Pioneering Space Exploration with Antimatter

Team: 81


Area of Science: Astronautics

Abstract: The primary limitations of space travel at the present time are derived from the limited capacity to produce low-cost thrust with present technologies. The burning of chemical fuels, which is currently responsible for essentially all space propulsion, is highly inefficient, losing much of the energy produced to the surroundings and craft itself while only a small amount of energy ultimately propels the vehicle. Other near-term propellants are likewise inefficient. Solar and electric methods call for a constant flow of energy from a nearby star and require immense physical proportions to be effective while nuclear means are difficult to control and leave a volatile residue behind. The annihilation of antimatter, however, poses a favorable solution in its high specific impulse and low emissions-the only output appears as pure energy, which may be then recycled to other shipboard applications. The primary counter argument to the use of antimatter is the immense cost of producing sufficient volumes of antiprotons to propel a space vehicle.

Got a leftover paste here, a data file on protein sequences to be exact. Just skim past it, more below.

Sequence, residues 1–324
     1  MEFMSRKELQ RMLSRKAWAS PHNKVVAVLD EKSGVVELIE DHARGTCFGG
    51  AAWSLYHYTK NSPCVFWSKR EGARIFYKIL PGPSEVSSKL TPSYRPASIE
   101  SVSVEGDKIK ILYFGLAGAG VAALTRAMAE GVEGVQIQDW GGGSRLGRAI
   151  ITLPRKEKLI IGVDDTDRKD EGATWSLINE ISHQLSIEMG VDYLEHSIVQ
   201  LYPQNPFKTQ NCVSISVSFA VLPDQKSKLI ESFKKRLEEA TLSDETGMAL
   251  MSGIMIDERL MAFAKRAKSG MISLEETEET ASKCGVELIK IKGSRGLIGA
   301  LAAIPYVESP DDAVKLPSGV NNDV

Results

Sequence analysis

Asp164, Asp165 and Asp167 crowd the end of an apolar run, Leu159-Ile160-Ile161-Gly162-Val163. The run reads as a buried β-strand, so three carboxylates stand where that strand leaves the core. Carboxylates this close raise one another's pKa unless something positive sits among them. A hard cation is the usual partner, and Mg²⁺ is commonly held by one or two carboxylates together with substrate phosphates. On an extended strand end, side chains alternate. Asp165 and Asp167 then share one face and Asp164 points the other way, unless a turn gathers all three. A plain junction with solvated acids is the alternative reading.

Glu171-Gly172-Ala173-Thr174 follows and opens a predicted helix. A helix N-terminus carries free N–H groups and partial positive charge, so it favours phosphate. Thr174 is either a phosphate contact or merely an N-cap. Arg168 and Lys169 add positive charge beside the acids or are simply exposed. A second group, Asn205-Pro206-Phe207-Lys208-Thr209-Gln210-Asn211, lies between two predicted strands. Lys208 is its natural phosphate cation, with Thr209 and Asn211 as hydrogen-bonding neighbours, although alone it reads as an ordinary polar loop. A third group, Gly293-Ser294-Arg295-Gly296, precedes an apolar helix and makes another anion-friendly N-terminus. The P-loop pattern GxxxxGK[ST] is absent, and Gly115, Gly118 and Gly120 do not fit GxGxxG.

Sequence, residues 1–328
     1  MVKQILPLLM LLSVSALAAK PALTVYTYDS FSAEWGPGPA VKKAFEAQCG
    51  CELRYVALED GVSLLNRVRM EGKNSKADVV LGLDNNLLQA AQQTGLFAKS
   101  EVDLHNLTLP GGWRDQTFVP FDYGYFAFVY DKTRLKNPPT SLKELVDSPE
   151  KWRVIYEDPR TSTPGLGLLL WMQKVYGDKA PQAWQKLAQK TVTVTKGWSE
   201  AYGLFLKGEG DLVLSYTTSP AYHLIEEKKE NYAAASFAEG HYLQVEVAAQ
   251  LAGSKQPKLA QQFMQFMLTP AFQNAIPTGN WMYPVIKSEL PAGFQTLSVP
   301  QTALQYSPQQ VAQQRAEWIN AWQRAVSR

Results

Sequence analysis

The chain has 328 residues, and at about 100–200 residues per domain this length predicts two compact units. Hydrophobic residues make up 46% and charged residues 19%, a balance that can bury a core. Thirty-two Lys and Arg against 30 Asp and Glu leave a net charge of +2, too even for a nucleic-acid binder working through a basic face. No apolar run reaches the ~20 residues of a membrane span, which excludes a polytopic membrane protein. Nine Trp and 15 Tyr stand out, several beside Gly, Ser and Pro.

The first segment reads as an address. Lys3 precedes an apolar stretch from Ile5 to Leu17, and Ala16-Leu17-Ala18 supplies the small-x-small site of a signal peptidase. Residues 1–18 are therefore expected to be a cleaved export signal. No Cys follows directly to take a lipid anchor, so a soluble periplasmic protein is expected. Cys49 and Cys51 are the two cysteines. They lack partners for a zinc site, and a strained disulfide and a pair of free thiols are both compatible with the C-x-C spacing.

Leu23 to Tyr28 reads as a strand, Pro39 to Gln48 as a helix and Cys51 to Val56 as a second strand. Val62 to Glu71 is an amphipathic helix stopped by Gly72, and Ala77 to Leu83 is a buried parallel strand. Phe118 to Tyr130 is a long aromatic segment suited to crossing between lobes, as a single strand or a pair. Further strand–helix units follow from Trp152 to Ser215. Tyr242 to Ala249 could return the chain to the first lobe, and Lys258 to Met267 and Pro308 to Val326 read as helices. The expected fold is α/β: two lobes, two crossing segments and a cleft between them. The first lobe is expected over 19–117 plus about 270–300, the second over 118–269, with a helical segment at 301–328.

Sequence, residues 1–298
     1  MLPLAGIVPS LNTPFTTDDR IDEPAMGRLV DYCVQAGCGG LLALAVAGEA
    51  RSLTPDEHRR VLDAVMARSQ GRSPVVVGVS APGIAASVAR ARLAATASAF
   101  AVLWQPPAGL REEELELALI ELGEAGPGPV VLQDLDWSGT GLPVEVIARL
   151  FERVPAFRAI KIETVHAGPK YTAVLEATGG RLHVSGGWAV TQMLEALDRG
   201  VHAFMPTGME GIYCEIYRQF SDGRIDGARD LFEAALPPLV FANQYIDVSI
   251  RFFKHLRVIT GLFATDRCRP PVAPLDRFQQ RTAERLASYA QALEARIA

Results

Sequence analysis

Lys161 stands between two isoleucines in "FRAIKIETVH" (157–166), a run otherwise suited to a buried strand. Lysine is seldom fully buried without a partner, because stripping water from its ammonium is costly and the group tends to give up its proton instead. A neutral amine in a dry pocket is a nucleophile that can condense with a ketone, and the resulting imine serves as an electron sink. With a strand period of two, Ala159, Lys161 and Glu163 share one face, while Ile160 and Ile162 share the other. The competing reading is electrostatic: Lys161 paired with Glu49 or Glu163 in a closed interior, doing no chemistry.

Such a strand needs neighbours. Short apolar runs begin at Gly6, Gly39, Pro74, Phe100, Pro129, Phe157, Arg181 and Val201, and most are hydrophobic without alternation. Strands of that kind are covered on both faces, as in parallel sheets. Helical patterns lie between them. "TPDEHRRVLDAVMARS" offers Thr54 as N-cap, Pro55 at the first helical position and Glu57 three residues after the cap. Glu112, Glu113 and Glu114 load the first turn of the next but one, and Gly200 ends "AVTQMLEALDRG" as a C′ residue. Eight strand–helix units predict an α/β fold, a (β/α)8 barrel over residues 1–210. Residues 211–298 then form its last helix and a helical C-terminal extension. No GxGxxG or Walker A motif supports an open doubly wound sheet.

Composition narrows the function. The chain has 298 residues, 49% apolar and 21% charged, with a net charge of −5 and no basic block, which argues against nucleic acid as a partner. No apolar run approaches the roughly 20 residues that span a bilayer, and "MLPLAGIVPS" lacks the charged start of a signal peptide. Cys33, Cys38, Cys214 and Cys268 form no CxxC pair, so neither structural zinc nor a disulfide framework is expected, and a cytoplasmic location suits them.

To this end, a project will be conducted to demonstrate the cost of the above propulsion methods as applied to medium- to long-term missions. The model will examine the cost and trajectory of a proposed mission to Pluto as it would function by the use of both antimatter and more conventional propulsions by compiling the mission's significant factors and presenting the results in an easy-to-discern manner to expedite and promote exploration of the cosmos.

Team Members:

  Garrett Lewis

Sponsoring Teacher: Neil McBeth